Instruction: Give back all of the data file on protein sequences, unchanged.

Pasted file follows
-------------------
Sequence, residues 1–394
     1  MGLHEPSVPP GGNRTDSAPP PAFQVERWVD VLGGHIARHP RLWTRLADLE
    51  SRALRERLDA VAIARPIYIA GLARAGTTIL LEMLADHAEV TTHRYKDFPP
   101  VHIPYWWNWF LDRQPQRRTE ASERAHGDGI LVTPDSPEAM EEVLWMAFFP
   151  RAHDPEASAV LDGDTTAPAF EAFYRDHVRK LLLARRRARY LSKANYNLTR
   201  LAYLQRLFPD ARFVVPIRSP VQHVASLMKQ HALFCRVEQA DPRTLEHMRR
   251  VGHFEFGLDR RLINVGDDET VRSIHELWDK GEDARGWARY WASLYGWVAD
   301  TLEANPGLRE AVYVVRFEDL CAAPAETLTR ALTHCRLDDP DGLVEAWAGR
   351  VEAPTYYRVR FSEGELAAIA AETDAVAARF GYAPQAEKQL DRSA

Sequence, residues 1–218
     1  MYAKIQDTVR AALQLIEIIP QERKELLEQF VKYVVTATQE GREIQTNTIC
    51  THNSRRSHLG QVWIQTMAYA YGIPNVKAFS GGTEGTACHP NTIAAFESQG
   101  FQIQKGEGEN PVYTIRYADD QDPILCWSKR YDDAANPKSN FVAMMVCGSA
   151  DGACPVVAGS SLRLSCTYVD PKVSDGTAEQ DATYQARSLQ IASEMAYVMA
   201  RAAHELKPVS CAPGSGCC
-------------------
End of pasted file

Sequence, residues 1–394
     1  MGLHEPSVPP GGNRTDSAPP PAFQVERWVD VLGGHIARHP RLWTRLADLE
    51  SRALRERLDA VAIARPIYIA GLARAGTTIL LEMLADHAEV TTHRYKDFPP
   101  VHIPYWWNWF LDRQPQRRTE ASERAHGDGI LVTPDSPEAM EEVLWMAFFP
   151  RAHDPEASAV LDGDTTAPAF EAFYRDHVRK LLLARRRARY LSKANYNLTR
   201  LAYLQRLFPD ARFVVPIRSP VQHVASLMKQ HALFCRVEQA DPRTLEHMRR
   251  VGHFEFGLDR RLINVGDDET VRSIHELWDK GEDARGWARY WASLYGWVAD
   301  TLEANPGLRE AVYVVRFEDL CAAPAETLTR ALTHCRLDDP DGLVEAWAGR
   351  VEAPTYYRVR FSEGELAAIA AETDAVAARF GYAPQAEKQL DRSA

Sequence, residues 1–218
     1  MYAKIQDTVR AALQLIEIIP QERKELLEQF VKYVVTATQE GREIQTNTIC
    51  THNSRRSHLG QVWIQTMAYA YGIPNVKAFS GGTEGTACHP NTIAAFESQG
   101  FQIQKGEGEN PVYTIRYADD QDPILCWSKR YDDAANPKSN FVAMMVCGSA
   151  DGACPVVAGS SLRLSCTYVD PKVSDGTAEQ DATYQARSLQ IASEMAYVMA
   201  RAAHELKPVS CAPGSGCC